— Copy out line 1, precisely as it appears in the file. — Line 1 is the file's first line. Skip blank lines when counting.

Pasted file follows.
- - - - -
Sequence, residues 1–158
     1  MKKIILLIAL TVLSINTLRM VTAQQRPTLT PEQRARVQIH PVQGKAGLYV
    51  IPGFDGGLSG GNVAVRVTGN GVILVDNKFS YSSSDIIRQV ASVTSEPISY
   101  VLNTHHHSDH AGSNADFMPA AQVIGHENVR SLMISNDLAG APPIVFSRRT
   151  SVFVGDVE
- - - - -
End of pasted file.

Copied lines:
Sequence, residues 1–158